Since September, Molly Dayley and Calvin Huggins have been working on the employment team as interns at the International Rescue Committee (IRC) in Salt Lake City. The pair work on the employment team, providing job services to participants of the early employment Matching Grant Program, which focuses on helping refugee families become economically independent within 240 days of their arrival in the U.S.
“The vast majority of the job revolves around helping clients learn about work, things like the job market, how to build a resume, apply to jobs, get and keep jobs.” Calvin said. “The ultimate goal of the program is to allow them to be economically self-sufficient.”
Much of the work Calvin and Molly support is focused on revamping Job Club, a four-part workshop series that trains and educates participants about working in Utah. Calvin said while Job Club is great at finding jobs, they aren’t always tailored to past work experience.
To alleviate this gap, Calvin has been working on a career development initiative that would help participants move up in their field or find new fields of work.
Molly said this program would be a great way for people with past work experience to find jobs that better fit their skill set. “While clients might start at an entry-level position here, they may be way overqualified,” Molly said. “People come here as mechanics, engineers, and teachers, so a program that helps them into a career they actually enjoy would be really great.”
Since joining the IRC, both Calvin and Molly said there have been lots of rewarding experiences in their work. The successes of individual participants were one thing Calvin said was especially rewarding.
“It’s a very empowering feeling to be able to provide for yourself and your family,” Calvin said. “Seeing that work and people excited to start working and saving is a great feeling.”
Calvin also said that families often come with big financial goals, such as wanting to buy cars and homes, go back to school or send their kids to school. Molly said it’s been rewarding being able to help families through these steps.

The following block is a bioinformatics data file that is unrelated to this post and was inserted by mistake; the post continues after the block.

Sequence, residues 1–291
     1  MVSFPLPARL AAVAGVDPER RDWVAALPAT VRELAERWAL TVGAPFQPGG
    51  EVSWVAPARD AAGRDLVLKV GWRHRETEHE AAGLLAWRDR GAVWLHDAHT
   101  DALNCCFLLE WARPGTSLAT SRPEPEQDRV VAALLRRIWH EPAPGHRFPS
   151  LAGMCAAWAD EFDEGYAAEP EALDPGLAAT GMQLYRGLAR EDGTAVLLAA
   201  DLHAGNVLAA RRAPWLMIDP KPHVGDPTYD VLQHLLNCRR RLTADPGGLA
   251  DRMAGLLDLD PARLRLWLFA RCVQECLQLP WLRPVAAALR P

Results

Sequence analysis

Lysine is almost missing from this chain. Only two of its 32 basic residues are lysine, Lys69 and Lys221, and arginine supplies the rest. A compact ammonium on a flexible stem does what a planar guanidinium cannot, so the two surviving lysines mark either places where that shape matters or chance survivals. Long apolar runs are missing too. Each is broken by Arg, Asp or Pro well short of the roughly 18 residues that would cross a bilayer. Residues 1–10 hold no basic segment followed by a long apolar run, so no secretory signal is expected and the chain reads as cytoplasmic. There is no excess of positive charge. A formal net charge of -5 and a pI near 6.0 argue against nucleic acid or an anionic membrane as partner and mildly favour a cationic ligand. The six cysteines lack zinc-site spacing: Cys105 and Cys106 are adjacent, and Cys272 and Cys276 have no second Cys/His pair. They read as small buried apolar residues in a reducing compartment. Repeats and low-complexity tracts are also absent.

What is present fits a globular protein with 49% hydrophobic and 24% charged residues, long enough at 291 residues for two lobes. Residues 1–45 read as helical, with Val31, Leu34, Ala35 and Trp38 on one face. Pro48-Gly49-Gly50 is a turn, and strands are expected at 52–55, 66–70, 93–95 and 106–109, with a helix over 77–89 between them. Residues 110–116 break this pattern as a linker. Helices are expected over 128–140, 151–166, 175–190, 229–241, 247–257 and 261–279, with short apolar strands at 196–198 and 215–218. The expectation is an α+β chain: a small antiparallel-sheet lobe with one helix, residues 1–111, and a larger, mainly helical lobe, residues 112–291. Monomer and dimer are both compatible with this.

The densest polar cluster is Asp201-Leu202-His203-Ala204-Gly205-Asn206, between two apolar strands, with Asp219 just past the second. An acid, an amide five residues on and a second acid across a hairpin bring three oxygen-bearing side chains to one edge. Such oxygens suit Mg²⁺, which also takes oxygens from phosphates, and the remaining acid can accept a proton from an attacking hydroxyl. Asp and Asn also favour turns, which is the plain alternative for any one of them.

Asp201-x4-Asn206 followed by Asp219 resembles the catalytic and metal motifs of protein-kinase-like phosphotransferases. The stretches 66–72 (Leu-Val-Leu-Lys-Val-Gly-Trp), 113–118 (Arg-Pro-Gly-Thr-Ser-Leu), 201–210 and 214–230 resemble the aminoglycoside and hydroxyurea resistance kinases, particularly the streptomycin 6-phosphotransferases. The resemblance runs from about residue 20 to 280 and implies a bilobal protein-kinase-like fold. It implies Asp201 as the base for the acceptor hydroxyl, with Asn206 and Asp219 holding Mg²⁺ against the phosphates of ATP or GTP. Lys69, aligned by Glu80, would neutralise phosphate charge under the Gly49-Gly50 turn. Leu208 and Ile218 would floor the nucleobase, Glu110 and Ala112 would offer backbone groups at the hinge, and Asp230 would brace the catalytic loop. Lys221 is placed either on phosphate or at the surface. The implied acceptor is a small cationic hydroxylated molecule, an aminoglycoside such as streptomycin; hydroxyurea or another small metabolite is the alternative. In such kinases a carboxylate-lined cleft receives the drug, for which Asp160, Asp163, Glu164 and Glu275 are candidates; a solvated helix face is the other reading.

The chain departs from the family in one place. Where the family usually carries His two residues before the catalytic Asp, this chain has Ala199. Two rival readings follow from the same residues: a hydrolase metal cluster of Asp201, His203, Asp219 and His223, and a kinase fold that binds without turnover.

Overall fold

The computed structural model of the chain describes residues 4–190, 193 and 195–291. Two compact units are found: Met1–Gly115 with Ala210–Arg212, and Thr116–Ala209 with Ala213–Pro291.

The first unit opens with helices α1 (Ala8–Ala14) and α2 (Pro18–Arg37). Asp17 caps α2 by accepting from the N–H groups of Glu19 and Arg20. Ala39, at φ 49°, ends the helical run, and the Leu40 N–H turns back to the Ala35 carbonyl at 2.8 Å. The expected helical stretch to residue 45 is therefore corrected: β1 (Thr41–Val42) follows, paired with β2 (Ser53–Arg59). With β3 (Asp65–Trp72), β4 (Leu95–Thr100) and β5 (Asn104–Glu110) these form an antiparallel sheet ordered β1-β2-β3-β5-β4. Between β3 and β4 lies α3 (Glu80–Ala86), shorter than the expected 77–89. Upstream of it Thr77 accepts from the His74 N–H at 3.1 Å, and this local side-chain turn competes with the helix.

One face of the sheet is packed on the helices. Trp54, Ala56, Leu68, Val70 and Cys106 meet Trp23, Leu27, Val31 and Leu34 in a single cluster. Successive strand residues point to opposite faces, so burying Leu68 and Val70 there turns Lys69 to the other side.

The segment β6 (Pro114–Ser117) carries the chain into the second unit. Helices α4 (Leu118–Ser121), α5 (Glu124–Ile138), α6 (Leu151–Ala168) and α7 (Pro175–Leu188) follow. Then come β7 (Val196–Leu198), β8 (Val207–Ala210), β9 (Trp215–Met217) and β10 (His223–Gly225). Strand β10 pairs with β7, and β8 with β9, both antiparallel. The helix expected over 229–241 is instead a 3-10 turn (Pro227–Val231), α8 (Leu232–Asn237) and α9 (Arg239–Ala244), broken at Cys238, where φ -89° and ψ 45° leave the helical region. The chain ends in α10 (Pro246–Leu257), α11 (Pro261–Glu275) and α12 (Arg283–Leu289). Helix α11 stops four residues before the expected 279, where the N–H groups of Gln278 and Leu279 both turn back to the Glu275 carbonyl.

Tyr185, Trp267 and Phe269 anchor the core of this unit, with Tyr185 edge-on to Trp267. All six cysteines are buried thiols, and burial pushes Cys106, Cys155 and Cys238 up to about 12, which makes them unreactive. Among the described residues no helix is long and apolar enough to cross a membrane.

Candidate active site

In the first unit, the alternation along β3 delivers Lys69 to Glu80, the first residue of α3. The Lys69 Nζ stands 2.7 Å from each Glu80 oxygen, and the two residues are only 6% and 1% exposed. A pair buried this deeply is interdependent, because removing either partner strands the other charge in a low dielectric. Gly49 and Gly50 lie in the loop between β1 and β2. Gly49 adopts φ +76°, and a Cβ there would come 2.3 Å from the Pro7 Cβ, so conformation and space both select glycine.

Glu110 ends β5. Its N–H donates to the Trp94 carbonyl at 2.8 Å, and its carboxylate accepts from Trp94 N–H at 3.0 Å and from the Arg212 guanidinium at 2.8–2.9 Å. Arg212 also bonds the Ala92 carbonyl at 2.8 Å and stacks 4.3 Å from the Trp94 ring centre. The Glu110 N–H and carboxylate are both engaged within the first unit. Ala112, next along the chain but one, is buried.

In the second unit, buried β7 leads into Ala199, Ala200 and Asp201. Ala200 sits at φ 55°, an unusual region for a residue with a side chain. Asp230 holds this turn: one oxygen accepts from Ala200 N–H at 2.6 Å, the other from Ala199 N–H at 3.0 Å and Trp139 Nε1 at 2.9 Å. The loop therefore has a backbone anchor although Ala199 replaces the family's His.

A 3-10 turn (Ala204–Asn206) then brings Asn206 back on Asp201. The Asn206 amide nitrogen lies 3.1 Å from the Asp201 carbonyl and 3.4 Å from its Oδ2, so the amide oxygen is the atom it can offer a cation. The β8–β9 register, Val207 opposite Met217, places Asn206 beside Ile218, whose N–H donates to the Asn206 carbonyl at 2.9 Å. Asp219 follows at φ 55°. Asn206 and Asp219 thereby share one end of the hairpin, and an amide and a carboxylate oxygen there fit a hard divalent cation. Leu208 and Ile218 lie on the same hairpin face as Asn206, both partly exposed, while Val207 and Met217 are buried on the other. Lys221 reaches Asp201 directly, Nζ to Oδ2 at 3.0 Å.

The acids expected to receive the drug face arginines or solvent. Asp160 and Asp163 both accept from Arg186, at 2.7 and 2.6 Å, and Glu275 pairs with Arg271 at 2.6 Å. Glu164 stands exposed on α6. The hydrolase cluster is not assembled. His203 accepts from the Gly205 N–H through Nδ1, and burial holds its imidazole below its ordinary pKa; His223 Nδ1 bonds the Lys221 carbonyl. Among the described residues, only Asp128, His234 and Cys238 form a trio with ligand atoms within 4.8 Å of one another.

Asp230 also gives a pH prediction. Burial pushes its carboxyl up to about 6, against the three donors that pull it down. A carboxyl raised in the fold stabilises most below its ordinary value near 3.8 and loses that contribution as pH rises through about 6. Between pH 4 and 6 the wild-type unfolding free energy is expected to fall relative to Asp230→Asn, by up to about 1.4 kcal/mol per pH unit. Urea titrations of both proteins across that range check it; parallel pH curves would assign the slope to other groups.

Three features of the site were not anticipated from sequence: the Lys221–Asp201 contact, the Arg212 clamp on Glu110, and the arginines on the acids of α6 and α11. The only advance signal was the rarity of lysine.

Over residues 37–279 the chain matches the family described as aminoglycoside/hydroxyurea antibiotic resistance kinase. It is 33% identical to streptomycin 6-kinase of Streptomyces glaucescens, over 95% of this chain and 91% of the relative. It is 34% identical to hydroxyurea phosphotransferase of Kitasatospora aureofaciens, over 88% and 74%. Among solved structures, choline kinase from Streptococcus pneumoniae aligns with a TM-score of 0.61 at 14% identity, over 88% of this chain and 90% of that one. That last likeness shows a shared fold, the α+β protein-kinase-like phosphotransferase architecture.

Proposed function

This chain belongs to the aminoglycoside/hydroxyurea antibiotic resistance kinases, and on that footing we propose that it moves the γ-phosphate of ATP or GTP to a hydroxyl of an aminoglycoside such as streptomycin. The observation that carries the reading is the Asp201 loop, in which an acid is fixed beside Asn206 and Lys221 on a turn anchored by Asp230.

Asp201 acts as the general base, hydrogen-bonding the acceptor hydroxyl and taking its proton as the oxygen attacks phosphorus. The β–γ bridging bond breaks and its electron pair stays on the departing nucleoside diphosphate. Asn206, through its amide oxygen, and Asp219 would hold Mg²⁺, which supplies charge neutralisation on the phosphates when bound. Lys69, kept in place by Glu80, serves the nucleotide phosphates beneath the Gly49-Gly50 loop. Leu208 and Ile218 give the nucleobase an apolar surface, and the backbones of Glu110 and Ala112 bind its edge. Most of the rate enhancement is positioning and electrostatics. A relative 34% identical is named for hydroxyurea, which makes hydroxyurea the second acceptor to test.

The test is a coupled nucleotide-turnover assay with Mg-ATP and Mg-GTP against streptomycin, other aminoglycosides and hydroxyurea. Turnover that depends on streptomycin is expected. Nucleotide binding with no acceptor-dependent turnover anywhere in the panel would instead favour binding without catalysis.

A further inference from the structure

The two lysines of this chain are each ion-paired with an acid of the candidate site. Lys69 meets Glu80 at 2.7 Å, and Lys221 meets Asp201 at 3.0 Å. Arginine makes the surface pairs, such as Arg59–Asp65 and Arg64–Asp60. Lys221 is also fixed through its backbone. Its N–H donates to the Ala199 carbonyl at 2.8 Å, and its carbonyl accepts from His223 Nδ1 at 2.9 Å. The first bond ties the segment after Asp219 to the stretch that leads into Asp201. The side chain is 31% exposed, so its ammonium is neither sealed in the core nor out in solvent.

“I think their expectations when they first get here sometimes feel a little low,” Molly said. “But the more you’re able to talk to them and ask them what they’d like to do during their time here, the more excited they get. It’s fun to see them realize the hope and potential there is.”
Molly and Calvin have both been able to take a lot of things out of their internships and have gained valuable skills to take with them to their future work as well as everyday life!
“I find it very humbling, and I think it gives me a greater perspective of a world we don’t see on a daily basis,” Molly said. “The values and the culture they bring is really inspiring and it’s fun to see clients pull their own experiences and cultural background into their work.”
Calvin agreed and added, “Seeing the different values clients come in with, there’s a lot of things we can learn.” Calvin also mentioned the strong sense of family he’s seen with the people he has worked. “They perceive the world differently based on their background, and I think there’s a lot of things we can gain from that.”
Interning for the IRC in Salt Lake City gives current and recently graduated students the chance to have real-world experience in the career path they are interested in. If you or someone you know would be interested in learning more about internship opportunities at the IRC in Salt Lake City, visit Rescue.org/InternSLC to learn more.